Restarting Blog

12Jul16

I’m planning on restarting this blog. I’ll be traveling to Ireland at the end of the week, and I want to write some travelogs from there; in addition, I’m going to be writing posts on some of my interests, including diet, cooking, travel, hiking and the outdoors, and, of course, paleoanthropology. While traveling, I’ll post a link to this blog on Facebook – we’ll see how it goes!

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iPad Part 2

24Aug13

Well, I finally got an iPad, through the generosity of the Benedictine University Center for Teaching and Learning Excellence. As a first impression, I have to say that I think the teaching and productivity opportunities are endless. For one, I am writing this blog entry on an iPad, and as I look at my last blog post before this I see that it has been about 9 months since I last updated my blog. I think the iPad will make me a more productive writer. In that vein, I am using an app, Papers, that syncs my virtual library of pdf’s and helps me organize references when I’m working on manuscripts. Second, I will be using my iPad for teaching. I discovered this new app, Educreations, that functions as a virtual whiteboard. I am going to use it in my lectures instead of Tegrity/Capture. I am currently in the process of transferring images from my PowerPoint slides over to Educreations, and when I lecture I’ll draw and write on the images and record the presentation. Educreations then spits out a short link, just like Tegrity does, which can be uploaded to D2L or Blackboard. I’m also using the iPad to draw images to upload to my course notes on Squidoo – you can check out an example here: Squidoo Lesson 1. (And yes, my artistic skills date back to kindergarten or thereabouts). All in all, I think the iPad has the chance to be transformative, and you can’t really say that everyday.


I think it’s official – I’m one of the last educators to NOT own an ipad or other type of tablet. I haven’t really seen that one killer app that makes me go “I need to own this.” Today in our New Media Seminar, we are talking about the use of tablets in education, so maybe I will finally see a convincing reason to make the splurge – I’ll let you know.


As per our discussion a few weeks ago, here is an article in the latest issue of Science Magazine about open access journals. Ironically, you will need a password to access the full article …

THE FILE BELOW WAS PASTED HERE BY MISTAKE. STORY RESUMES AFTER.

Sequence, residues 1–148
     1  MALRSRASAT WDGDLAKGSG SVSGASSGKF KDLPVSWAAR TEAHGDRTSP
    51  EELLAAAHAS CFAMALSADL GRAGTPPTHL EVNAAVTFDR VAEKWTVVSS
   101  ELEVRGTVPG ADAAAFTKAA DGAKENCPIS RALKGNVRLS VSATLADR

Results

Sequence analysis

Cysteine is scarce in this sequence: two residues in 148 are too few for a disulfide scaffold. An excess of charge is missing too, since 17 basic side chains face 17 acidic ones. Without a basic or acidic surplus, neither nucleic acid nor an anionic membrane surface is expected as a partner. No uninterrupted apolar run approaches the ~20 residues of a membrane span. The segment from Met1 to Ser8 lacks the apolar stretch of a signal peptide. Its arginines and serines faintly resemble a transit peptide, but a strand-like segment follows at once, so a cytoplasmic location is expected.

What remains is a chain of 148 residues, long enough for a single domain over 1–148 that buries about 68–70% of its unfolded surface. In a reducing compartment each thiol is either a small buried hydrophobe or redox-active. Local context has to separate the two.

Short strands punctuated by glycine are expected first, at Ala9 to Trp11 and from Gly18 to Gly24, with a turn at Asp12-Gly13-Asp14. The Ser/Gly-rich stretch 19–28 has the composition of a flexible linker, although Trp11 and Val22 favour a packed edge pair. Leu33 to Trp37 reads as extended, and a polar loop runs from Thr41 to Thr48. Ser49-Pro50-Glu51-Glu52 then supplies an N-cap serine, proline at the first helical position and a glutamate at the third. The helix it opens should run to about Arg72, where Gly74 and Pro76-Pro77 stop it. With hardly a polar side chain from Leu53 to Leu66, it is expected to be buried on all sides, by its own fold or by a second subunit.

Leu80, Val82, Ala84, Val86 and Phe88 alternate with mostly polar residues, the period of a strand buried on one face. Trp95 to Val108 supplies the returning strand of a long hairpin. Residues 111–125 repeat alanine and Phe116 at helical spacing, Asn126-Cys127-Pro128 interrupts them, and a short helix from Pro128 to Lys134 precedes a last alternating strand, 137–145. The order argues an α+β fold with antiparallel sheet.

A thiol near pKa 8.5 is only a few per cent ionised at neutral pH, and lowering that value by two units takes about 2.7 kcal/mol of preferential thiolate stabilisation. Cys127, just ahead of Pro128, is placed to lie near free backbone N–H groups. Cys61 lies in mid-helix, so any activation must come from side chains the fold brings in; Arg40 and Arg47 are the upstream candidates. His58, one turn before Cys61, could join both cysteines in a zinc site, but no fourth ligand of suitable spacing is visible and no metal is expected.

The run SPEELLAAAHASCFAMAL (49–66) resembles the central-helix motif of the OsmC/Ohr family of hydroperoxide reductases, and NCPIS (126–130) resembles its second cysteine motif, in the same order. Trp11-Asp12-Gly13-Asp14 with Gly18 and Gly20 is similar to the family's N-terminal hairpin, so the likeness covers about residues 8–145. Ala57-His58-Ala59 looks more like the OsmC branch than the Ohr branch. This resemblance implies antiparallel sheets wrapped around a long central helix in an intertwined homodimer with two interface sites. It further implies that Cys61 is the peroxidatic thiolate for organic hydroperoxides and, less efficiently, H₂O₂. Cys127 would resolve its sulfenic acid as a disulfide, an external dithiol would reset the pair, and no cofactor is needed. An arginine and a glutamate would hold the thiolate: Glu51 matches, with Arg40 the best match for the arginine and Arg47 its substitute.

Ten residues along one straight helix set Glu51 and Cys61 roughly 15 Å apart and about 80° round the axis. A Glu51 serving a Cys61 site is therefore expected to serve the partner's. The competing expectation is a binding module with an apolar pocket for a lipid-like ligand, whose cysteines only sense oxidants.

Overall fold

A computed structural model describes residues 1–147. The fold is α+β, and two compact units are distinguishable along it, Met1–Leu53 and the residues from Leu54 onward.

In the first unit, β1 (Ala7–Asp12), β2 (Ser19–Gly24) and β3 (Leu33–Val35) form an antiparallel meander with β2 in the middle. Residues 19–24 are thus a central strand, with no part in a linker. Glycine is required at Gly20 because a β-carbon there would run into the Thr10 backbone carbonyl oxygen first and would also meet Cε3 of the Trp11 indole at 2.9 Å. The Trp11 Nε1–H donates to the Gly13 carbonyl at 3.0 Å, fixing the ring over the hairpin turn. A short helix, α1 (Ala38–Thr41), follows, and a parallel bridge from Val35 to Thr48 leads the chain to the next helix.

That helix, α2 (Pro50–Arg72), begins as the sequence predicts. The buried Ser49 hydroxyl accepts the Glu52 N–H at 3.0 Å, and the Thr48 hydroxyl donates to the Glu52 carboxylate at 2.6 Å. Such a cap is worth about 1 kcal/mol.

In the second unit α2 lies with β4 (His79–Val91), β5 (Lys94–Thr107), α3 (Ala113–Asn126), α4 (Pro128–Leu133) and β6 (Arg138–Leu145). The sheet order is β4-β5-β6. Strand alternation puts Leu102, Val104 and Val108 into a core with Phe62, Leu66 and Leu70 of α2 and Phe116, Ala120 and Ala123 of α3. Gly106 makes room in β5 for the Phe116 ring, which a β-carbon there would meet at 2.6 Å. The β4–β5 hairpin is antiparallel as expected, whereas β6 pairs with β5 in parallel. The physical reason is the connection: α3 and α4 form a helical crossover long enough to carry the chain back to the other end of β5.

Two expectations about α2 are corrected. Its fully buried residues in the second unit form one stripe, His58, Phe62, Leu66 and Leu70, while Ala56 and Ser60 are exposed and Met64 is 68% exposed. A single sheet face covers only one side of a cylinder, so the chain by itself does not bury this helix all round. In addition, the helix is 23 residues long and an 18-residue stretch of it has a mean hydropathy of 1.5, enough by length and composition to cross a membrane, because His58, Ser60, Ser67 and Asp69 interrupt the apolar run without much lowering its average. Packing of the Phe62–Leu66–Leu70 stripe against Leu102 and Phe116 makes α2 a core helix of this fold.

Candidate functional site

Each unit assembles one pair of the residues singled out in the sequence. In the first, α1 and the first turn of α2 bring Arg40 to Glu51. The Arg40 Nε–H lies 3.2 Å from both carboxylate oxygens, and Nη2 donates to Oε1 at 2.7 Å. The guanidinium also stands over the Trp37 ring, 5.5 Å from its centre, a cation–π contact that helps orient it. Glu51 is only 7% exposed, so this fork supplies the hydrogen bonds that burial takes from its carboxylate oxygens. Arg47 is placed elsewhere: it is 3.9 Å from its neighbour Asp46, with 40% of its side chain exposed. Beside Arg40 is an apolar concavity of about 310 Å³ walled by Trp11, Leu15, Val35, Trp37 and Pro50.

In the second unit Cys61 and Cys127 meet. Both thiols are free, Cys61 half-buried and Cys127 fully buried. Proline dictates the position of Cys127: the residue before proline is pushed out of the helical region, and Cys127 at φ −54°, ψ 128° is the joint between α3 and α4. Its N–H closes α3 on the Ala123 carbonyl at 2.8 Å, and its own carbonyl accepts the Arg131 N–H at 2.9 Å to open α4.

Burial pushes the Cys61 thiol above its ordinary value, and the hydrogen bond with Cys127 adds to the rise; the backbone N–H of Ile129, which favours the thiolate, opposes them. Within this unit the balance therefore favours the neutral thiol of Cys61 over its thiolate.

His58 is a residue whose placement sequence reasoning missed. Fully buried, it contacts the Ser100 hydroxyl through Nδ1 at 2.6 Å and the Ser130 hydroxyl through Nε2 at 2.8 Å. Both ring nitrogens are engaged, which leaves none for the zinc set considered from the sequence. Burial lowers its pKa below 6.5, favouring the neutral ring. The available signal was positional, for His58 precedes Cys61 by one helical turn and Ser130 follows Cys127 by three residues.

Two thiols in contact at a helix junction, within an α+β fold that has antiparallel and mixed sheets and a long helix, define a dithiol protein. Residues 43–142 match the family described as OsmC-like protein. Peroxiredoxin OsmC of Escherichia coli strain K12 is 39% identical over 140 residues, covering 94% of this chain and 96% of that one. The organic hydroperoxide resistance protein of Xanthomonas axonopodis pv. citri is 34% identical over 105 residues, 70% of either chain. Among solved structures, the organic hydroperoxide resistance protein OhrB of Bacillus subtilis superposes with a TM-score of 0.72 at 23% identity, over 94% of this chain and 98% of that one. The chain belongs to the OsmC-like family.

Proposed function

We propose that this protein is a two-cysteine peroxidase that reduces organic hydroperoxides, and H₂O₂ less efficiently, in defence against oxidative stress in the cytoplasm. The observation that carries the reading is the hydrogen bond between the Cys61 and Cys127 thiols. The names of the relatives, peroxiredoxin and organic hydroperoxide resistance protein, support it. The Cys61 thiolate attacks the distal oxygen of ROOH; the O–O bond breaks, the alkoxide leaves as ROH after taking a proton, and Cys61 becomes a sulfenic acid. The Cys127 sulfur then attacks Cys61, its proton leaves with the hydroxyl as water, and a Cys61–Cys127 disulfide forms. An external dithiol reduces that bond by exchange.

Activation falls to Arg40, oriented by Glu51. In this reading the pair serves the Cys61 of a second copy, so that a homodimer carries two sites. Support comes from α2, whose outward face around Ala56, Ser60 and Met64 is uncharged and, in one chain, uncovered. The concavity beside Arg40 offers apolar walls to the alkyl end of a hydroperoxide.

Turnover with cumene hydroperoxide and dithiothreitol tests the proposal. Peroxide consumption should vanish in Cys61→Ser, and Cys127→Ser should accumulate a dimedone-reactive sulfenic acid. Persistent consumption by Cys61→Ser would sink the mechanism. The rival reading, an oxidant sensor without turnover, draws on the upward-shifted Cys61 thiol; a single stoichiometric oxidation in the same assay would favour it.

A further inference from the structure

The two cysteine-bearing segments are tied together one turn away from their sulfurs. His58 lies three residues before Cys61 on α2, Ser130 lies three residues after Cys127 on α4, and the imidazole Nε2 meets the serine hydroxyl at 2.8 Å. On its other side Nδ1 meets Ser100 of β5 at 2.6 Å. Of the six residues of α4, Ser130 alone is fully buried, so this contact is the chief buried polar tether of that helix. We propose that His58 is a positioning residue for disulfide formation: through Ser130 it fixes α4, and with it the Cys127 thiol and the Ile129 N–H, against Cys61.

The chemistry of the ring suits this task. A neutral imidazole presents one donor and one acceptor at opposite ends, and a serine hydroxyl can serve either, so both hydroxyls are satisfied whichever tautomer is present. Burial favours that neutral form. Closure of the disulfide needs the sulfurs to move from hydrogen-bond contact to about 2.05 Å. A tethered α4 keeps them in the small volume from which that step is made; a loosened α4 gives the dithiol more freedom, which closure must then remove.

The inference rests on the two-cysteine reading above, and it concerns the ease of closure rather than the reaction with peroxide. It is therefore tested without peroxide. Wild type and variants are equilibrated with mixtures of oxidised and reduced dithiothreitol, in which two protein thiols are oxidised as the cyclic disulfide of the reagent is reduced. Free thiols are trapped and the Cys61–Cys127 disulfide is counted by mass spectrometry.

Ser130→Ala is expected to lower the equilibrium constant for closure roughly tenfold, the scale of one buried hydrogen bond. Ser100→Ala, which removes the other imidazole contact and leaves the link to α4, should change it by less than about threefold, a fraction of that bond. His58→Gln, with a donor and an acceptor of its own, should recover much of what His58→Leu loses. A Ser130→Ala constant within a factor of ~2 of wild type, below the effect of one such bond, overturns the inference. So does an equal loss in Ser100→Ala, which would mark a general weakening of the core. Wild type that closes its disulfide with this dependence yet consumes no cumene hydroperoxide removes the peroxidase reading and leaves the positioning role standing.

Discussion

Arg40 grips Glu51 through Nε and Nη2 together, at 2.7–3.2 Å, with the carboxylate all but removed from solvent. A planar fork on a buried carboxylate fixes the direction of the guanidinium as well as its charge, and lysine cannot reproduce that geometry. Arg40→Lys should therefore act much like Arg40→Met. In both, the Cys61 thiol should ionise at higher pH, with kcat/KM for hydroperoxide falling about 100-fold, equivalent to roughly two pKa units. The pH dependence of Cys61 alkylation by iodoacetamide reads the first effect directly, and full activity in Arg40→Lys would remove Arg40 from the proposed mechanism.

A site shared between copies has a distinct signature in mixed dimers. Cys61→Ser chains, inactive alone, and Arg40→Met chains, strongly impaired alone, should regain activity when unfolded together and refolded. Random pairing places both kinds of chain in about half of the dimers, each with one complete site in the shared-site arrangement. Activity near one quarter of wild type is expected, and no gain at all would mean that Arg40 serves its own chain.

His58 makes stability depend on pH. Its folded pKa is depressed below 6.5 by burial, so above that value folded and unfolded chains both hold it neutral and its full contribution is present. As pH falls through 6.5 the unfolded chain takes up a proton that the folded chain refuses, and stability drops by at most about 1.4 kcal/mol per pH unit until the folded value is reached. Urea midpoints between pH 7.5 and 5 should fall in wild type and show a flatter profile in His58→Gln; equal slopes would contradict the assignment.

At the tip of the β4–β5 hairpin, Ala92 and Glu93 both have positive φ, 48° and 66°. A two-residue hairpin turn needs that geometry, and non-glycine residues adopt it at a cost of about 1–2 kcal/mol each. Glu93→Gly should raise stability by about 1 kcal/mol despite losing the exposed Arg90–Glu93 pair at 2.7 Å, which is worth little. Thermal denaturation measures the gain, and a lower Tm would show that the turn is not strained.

http://www.sciencemag.org/content/338/6110/1018.short


I finally got a chance this morning to look through the Coursera line-up of courses, and I have to admit that it is pretty impressive. I found a course called “Introductory Human Physiology,” which is taught by Emma Jakoi and Jennifer Carbrey from Duke University. Looking through the course description, I got really enthusiastic about taking it, but I haven’t (yet?) signed up for it (it doesn’t start until February 25th). I taught physiology last year at University at Albany as part of a year-long Anatomy and Physiology course, but I’m not a physiologist and I’m sure I would pick up a few things in a full human physiology course. I need to weigh my time commitments for next semester before making this decision.

Just looking through the Coursera website brought up some interesting possibilities. For one, there are many courses that one could conceivably take and treat as professional development resources, such as Introductory Human Physiology would be for me. I can also see how a student already at a university could take a course that their university doesn’t offer. If I still had graduate students, I would consider requiring them to take courses in subjects such as statistics or mathematics if my university didn’t have appropriate course listings in those areas. I guess what I’m trying to say is that, after taking a closer look at Coursera, I am more onboard with MOOC’s. As Chris said in his blog, it’s not a matter of if online courses take off, it’s when. It might take a little while longer before I am fully onboard, but I’m getting there.


Today in the New Media Seminar Julie used the term “flipped classroom,” and I knew exactly what she meant even though I was not familiar with the term. When I got back to my office after teaching this afternoon I received an e-mail from the Teaching and Learning Center at University at Albany (where I was a visiting assistant professor last year) about flipped classrooms, and so I thought I would share the contents. This sounds very similar to an initiative undertaken at Benedictine (last year? a few years ago?):